The Health Foundation: International comparisons of capital in health care: why is the UK falling behind?

Author Kym Lang
Posted 2019.11.22 Comments 0

The Health Foundation: International comparisons of capital in health care: why is the UK falling behind?

Joshua Kraindler & Ben Gershlick

 

This analysis suggests that the UK is investing significantly less in health care capital as a share of GDP compared with most other similar European countries. As a result, the total value of capital in health care in the UK has fallen.

Key Points:

  • The UK spends significantly less on health care capital – which includes buildings, machinery, equipment and IT – as a share of GDP than most other comparable countries.

  • As a result of low capital spending, from 2000 to 2017 the total value of health care capital in the UK has fallen by 3% in real terms. Over this period, most other countries have seen significant increases in the value of their health care capital driven by higher spending.

  • In the UK, the value of capital per health worker – which provides an estimate of the resources available to staff to deliver care to patients – has fallen by 35% since 2000. Many other countries have seen significant and consistent rises in capital per worker over this period. Of the countries analysed, the UK has the second lowest value of health care capital per health care worker (at just over half the average).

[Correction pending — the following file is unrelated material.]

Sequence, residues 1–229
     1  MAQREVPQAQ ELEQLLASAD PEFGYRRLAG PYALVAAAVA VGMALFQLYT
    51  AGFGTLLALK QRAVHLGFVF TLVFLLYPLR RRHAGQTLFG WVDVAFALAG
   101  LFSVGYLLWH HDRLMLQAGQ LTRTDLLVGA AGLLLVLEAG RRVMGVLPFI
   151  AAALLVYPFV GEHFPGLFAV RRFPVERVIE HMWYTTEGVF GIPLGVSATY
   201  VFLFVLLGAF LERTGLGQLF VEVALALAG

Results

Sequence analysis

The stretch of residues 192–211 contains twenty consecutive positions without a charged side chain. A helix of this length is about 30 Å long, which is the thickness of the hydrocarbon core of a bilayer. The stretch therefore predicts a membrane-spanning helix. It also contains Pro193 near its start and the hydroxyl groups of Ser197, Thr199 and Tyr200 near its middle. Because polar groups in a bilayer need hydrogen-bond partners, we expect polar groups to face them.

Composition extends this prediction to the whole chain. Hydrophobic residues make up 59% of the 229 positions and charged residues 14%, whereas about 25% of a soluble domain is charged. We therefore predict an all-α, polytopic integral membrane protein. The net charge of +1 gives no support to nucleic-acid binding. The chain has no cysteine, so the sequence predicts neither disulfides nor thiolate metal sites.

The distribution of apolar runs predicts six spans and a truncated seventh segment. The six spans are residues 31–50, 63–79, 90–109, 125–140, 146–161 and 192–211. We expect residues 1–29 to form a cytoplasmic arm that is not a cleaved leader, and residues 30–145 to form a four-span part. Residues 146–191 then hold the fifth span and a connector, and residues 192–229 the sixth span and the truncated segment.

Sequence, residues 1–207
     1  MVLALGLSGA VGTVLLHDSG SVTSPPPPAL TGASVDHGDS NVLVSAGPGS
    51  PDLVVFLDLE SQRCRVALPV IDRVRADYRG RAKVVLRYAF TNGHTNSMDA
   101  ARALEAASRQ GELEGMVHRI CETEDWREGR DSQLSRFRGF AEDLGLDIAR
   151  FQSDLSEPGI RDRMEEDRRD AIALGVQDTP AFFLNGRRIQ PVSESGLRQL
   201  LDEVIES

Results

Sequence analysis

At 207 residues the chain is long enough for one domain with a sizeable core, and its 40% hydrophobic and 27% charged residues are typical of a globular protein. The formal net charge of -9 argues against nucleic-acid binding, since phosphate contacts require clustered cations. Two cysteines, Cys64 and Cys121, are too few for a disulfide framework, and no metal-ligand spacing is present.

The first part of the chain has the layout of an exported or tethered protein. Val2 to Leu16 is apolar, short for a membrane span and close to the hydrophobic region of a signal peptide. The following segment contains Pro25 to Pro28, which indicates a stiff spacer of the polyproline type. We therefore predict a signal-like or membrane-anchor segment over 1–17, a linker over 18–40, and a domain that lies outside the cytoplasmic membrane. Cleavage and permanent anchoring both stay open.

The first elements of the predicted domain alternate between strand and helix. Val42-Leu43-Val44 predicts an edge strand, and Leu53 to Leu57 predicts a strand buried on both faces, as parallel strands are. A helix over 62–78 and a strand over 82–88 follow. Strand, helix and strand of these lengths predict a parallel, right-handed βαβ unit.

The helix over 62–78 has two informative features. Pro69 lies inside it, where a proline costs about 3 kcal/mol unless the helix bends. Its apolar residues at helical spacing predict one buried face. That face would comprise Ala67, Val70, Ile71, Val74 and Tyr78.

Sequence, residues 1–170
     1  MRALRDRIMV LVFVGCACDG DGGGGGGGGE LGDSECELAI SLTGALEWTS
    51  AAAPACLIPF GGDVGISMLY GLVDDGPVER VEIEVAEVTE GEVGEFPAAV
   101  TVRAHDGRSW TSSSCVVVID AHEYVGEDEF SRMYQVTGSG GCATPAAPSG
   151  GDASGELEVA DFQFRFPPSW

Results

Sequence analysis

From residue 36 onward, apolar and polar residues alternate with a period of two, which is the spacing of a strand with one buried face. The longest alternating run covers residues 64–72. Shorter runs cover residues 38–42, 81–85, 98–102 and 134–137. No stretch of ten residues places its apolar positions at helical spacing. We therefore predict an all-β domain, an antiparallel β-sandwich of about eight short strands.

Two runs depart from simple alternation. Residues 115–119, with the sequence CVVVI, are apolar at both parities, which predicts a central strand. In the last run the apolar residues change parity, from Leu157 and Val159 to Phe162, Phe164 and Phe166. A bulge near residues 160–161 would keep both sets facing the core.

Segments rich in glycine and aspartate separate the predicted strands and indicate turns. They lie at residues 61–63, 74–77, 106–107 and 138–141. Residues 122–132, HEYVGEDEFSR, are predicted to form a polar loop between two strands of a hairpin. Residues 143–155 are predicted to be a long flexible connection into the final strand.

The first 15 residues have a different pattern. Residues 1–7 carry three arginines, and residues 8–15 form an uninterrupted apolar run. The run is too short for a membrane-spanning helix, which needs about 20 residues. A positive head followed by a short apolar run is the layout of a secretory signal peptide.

• The value of machinery and equipment per health care worker in the UK is the lowest of all countries analysed and continues to fall – countries such as Austria and Denmark have more than five times the value per worker.

  • The data raise questions about why the UK is lagging so far behind other countries and concerns about what the implications might be for staff and patients. This reinforces our view that there is a clear need for a long-term capital settlement for the NHS in England – including a substantial funding increase – to address problems such as ageing estates and infrastructure, and to invest in new medical technology in the future.

  • Despite government announcements of new funding, we estimate an extra £2.5bn would be required in 2019/20 to bring capital spending in England up to the average of comparable countries.

 

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